In contrast, policies for interscholastic sports vary appreciably by state and school district (6). As more and more children and adolescents are diagnosed with gender dysphoria and treated with “puberty blockers,” such as Gonadotropin-Releasing Hormone (GhRH) analogues, it is likely that increasing numbers will be recognized and present for inclusion in interscholastic sport, certainly if the recent experience at Yale (10) and reflected by the burgeoning literature (11,12) is emblematic.
I thank Richard Budgett, MD, IOC, medical and scientific director; William Briner, MD, FACSM, chair, US Volleyball Sports and Performance Commission; and Jonathan C. Reeser, MD, FACSM, Marshfield Clinic Research Foundation for helpful comments on earlier drafts. The author is a consultant to the IOC's Medical and Scientific Commission. The opinions expressed in this article are those of the author and not necessarily those of the IOC or of the Commission.
1. Brodsky JL, Genel M. The 2015 Pediatric Society Ethics Symposium: controversies regarding ‘gender verification’ of elite female athletes — sex testing to hyperandrogenism. Horm. Res. Pediatr
. 2016; 85:272–7.
2. Budgett R. Medical and Scientific Commission, International Olympic Committee. Personal communication, October 18, 2016
3. Charts: The State of Women’s Athletics 40 Years After Title IX/Mother Jones. [cited 2016 October 24]. Available from: http://www.motherjones.com/politics/2012/06/charts-womens-athletics-title-nine=ncaa
4. Court of Arbitration for Sport, Interim Arbitral Award. CAS 2014/A/3759 Dutee Chand v Athletics Federation of India (AFI) and the International Association of Athletic Federations (IAAF). [cited 2016 October 24]. Available from: http://www.tas.org/fileadmin/user_upload/award_internet.pdf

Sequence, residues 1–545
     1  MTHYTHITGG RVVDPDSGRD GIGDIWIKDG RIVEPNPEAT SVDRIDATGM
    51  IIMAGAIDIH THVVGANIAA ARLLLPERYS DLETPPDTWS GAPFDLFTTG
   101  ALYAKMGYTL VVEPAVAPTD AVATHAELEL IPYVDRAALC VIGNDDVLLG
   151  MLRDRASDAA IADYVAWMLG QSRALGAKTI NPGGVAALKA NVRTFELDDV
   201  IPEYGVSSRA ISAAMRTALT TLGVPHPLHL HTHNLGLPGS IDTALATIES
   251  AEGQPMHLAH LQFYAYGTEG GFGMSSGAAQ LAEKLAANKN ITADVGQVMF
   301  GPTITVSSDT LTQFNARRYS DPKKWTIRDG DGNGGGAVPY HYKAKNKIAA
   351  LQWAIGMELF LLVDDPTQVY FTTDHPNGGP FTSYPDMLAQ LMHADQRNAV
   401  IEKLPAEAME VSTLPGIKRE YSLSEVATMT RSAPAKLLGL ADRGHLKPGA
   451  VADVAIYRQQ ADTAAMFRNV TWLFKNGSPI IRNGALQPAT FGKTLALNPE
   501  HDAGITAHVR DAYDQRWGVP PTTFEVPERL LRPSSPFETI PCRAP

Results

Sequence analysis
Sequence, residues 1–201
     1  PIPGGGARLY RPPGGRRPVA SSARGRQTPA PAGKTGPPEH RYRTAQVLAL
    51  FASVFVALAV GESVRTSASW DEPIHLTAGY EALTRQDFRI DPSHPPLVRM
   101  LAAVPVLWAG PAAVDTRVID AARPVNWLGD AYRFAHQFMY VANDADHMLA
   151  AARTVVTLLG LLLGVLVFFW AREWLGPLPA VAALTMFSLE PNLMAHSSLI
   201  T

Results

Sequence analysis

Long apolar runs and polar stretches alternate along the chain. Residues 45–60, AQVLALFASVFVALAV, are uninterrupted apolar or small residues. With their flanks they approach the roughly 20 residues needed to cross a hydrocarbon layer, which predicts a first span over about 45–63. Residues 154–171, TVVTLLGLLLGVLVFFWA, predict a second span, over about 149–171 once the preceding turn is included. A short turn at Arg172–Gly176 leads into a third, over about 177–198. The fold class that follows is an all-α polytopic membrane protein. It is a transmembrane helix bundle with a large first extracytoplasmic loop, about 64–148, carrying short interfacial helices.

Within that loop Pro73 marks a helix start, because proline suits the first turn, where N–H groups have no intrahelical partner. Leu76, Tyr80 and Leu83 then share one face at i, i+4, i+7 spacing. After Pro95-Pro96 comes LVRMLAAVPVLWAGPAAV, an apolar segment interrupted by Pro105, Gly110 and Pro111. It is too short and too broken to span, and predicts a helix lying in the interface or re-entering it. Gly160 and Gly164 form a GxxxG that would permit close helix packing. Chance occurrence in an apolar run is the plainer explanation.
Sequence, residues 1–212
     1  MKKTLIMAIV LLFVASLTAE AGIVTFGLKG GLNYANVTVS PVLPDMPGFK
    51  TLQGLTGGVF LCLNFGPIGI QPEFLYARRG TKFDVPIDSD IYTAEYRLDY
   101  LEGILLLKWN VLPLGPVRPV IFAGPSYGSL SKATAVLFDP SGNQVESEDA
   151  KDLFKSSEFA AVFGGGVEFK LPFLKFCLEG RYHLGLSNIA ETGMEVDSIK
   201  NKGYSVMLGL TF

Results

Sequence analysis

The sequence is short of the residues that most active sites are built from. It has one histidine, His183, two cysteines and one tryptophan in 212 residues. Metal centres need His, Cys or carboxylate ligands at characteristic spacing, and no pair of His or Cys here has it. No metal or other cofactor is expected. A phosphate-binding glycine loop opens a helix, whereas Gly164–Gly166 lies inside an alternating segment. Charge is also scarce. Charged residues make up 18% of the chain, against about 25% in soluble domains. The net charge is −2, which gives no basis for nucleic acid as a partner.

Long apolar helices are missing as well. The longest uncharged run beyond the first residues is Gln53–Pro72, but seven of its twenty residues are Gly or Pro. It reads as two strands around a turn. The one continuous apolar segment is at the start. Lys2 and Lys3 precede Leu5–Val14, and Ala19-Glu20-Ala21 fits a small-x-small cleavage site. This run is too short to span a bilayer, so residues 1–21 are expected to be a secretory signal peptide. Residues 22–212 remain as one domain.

5. Griffin P, Carroll H. NCAA Inclusion of Transgender Students-Athletes, August, 2011. [cited 2016 October 28]. Available from: www.ncaaorg/sites/default/files/Transgender_Handbook_2011
6. Griffin P. National Federation of State High School Associations. Developing Policies for Transgender Students on High School Teams. [cited 2016 October 28]. Available from: http://www.nfhs.org/articles/developing-policies-for-transgender-studen
7. International Olympic Committee. Consensus Meeting on Sex Reassignment and Hyperandrogenism. [cited 2016 October 24]. Available from: https://www.olympic.org/medical-and-scientific-commission?tab=statements
8. International Olympic Committee. Factsheet. Women in the Olympic Movement. Update May, 2014. [cited 2016 October 28]. Available from: http://www.olympic-org/Documents_Factsheets/Women-in-Olympic-Movement.pdf
9. Ljungqvist A, Genel M. Essay: Transsexual athletes—when is competition fair? Lancet
. 2005; 366:S42–3.
10. Olezeski C, Boulware S. Development of the Yale Gender Center: an early progress report. Conn. Med.
11. Rosenthal SM. Approach to the patient: transgender youth: endocrine considerations. J. Clin. Endocrinol. Metab
. 2014; 99:4379–89.
12. Spack NP. Management of transgenderism. JAMA
. 2013; 309:478–84.
13. Statement of the Stockholm Consensus on Sex Reassignment and Sports. [cited 2016 October 24]. Available from: http://www.olympic.org/news/ioc-approvesconsensuswith-regard
14. Worley v Ontario Cycling Association, Interim Decision, Human Rights Tribunal of Ontario. [cited 2016 October 28]. Available from: http://www.canli.org/en/on/pnhrt./doc/2016.tp952/2016hrto952.h